Hertford College has commemorated the 40th anniversary of the first admission of women to the college by replacing the formerly all male selection of portraits hanging in the hall with those of women.

The project, pioneered by Hertford fellow Dr Emma Smith, includes images of the college’s first woman fellow, Julia Briggs; former Home Secretary Jacqui Smith; museum curator Xanthe Brook; and BBC News reporter Natasha Kaplinsky. 

Smith remarked, “We haven’t gone for our most famous, most successful or richest. They’re not necessarily intended to be aspirational figures – they’re just some individuals who have done some interesting things.”

Twenty-one photographs were commissioned, most from photographer Robert Taylor. As part of the initiative the college even attempted to source a doe’s head to replace the stag trophy hanging in the hall. “Alas, there’s no doe so far”, Home Bursar Dr Andrew Beaumont told Cherwell. “Funnily enough, hunters don’t tend to keep does’ heads as trophies – the conspicuous lack of antlers among female deers being a fairly major reason – so try as I might, I’ve not been able to source one. The stag will be sharing my office for the time being. You’re welcome to visit and pet him if you like”.

Florence Kettle, co-founder of the Hertford Feminist Society told Cherwell, “I love what the portraits represent – our college’s commitment to equality and progression. Sitting in hall, we’ve joked about not being able to relate to all these anonymous historical white men or the anonymous stag, and it’s fantastic to see change in our environment, provoking us to think about what we surround ourselves with and why.” 

She continued, “Seeing these women on our walls challenges what we value and how we express that as a college and university, and gives us a chance to stick it to the racists and sexists of the past. Hertfordians are not all men, not all white, and are very much alive and delighted to see these portraits change. It is about time we saw physical manifestations of who we are today as Hertford, and who we want to be in the future.”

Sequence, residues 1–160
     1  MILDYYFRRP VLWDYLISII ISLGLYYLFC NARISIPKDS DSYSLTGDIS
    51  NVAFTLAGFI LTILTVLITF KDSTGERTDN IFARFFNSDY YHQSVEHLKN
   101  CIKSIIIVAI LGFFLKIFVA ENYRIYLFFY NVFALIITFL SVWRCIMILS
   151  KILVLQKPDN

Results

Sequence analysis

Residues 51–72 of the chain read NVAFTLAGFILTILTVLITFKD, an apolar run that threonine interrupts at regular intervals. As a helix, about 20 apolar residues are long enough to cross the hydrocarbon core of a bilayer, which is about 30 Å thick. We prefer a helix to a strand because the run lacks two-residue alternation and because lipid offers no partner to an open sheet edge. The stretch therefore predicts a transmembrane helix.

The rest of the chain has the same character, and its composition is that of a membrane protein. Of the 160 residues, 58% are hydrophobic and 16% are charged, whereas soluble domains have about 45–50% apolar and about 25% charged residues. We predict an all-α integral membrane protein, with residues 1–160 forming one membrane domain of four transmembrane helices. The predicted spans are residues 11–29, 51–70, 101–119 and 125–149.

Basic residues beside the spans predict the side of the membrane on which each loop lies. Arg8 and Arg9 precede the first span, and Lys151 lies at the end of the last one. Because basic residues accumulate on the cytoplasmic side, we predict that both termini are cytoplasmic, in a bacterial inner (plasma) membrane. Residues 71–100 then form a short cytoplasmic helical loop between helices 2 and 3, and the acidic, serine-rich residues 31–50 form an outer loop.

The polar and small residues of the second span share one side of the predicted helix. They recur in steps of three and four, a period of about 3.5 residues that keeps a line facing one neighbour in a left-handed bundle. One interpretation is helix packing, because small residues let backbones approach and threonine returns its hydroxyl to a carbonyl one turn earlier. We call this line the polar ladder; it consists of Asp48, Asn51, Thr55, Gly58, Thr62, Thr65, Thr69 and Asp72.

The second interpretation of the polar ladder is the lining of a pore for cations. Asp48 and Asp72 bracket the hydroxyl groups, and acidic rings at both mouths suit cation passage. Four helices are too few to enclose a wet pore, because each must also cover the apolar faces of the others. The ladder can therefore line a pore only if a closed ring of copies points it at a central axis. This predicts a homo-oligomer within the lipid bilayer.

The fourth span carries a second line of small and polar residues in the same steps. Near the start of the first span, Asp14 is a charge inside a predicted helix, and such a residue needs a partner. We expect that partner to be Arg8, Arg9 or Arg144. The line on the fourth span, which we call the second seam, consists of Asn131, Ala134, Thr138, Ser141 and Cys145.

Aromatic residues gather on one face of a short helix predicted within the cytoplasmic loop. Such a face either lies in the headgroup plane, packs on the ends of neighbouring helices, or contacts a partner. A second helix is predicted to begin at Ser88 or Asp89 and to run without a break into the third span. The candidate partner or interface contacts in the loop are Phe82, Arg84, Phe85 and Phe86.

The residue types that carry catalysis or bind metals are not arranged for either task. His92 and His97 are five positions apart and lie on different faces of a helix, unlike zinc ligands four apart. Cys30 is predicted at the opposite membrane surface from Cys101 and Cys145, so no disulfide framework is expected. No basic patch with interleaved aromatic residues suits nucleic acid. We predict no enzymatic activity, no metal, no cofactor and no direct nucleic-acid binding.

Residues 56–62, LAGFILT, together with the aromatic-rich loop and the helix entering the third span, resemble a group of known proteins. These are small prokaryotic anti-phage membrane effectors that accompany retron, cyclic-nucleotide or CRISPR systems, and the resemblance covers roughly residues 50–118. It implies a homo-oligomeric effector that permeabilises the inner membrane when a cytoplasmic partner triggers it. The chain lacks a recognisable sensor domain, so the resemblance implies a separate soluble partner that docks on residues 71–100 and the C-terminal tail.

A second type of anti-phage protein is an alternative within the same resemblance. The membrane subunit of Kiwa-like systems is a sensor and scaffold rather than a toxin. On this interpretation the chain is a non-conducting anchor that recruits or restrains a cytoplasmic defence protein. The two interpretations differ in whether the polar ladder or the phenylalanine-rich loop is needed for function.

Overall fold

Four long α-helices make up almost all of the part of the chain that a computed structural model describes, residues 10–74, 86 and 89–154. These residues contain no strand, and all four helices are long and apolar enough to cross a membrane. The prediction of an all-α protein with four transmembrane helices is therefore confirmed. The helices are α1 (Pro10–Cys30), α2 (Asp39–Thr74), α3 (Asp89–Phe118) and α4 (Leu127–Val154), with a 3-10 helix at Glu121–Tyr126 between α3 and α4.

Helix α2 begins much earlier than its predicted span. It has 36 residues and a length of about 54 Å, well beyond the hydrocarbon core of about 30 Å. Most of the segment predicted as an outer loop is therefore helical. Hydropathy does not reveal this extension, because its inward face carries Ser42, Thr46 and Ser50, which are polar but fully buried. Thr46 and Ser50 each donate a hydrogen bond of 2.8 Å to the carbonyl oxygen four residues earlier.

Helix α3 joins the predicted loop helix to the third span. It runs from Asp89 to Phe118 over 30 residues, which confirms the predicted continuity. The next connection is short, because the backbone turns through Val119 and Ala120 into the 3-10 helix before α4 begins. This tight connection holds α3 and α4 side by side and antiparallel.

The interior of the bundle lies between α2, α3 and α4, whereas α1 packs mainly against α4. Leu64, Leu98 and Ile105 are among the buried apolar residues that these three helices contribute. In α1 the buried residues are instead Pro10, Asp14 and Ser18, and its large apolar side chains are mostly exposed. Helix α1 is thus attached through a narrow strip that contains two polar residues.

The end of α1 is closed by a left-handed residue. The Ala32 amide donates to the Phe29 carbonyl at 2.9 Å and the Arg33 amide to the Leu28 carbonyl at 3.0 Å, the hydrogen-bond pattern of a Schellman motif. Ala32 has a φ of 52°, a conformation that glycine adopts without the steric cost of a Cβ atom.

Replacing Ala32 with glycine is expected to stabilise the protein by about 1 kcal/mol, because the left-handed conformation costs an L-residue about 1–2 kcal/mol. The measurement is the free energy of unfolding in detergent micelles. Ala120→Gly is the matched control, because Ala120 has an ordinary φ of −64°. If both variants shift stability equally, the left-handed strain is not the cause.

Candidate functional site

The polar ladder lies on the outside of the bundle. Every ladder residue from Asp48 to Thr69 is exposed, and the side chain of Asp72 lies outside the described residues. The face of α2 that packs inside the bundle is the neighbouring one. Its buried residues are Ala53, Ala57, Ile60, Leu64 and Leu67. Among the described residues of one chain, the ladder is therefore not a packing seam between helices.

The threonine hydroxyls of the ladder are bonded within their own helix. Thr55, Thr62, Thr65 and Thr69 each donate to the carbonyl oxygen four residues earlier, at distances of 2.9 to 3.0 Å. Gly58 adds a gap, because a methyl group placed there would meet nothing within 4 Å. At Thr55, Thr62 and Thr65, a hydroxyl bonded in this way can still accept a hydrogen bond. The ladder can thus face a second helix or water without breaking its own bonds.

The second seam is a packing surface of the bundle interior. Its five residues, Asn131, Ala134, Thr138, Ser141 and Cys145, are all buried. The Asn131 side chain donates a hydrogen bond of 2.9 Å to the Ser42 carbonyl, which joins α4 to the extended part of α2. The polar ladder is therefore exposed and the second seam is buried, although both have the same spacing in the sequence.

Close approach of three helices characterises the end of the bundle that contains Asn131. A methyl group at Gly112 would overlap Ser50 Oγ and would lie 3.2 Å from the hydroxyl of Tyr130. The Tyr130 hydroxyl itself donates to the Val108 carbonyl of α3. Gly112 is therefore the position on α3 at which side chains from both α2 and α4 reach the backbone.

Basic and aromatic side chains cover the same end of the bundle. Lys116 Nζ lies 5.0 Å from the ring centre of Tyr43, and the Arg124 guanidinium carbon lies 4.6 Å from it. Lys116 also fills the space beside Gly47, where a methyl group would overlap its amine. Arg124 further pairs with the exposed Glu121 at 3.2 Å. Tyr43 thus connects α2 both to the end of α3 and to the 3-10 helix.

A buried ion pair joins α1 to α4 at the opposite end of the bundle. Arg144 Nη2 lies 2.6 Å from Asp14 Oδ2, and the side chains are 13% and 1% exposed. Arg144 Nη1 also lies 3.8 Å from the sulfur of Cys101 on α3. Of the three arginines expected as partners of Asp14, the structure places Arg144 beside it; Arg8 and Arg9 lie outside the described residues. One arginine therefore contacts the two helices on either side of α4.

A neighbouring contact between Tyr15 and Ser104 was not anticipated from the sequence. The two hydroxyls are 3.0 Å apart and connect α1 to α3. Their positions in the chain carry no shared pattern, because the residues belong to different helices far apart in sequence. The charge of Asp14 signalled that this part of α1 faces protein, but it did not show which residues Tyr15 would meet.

Under the initiative, which has been in the pipeline since last year, the portraits are intended to hang for one year, but Dr Smith seemed hopeful that their stay might be extended. Speaking to Cherwell, she said, “We will wait to see what people think – especially our students – when they come back in a couple of weeks, before making a decision about what happens after that.”

Second-year Hertfordian Rebecca Grant added, “This is a very visible commitment to reflecting women’s achievements and contributions to Hertford and the world. Hertford’s Hall, like that of other colleges, is an important social and ceremonial space – as sixty percent of our undergraduate body is made up of women, it seemed odd that the pinnacle of success was represented exclusively by deceased white men – that’s my excuse for not getting a distinction in Prelims anyway.”

Meanwhile when asked if other colleges should do the same, Hertford student Ellen O’Neill commented, “it might do something to combat the Riot Club-style perception of this university. We absolutely should celebrate such great C16th alumni as we have, but I am looking forward to sitting in the hall every day and seeing people who are really worth my admiration (and whose identities are actually known) as well as knowing I am in an institution that publically accords the same respect to living women as dead white men.”

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